"Go where the money is, and go there often."- Willie Sutton
The geographic expression of economies of scale, where various bits of related economic activity tend to clump together to minimize transportation costs or maximize some benefit.
This is the reason
- your grandparents started going to supermarkets rather than little mom-and-pop grocery stores with produce out on the sidewalk, or why you might go to the mall or that big-box store out on the bypass rather than downtown.
- automobile dealerships are found in clusters, since propsective car buyers are apt to go somewhere they can shop around first.
- a large factory's suppliers are often located on the road leading up to the main gate.
- so many "Beltway bandits" troll around Washington, DC.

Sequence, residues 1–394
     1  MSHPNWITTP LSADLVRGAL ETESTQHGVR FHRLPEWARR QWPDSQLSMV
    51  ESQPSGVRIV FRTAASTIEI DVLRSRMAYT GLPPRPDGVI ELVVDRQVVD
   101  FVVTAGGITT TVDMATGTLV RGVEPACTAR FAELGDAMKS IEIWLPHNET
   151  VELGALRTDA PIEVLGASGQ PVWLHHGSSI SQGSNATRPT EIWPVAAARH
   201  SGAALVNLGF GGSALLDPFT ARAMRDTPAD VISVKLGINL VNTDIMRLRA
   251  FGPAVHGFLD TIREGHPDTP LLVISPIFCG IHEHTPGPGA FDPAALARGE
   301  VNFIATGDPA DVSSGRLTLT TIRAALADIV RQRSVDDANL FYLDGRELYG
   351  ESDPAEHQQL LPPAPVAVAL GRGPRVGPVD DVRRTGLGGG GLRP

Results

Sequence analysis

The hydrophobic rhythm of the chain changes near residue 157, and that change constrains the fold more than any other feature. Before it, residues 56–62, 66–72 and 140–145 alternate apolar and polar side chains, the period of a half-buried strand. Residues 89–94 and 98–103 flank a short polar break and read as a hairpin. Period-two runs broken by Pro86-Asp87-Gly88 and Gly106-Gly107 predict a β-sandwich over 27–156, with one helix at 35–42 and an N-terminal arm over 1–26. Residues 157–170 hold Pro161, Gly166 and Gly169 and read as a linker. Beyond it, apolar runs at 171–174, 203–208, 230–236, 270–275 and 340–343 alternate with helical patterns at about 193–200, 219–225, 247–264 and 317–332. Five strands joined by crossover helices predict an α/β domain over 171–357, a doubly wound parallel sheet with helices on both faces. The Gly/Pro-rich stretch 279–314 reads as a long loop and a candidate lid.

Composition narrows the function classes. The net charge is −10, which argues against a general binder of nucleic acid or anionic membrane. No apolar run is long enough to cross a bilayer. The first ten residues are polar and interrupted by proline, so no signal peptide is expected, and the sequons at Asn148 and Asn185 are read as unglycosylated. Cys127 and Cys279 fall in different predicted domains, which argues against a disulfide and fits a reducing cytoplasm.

- crocodiles wait at particular African river crossings during wildebeest migration season.
- boom towns form near the latest gold or silver strike, and turn into ghost towns when the mine is played out.
- diamond cutting happens in a small number of large urban centers far from diamond mines (high training costs and a small talent pool).
- fish form schools, birds form flocks, seals all gather on the same beach to mate, etc.
The effect is more pronounced as transportation costs grow relative to the overall cost of the activity. An industry whose transportation costs are negligible compared to other costs is known as a "footloose industry", but even then, economizes of agglomeration can kick in because other economic benefits are maximized by being in a certain place.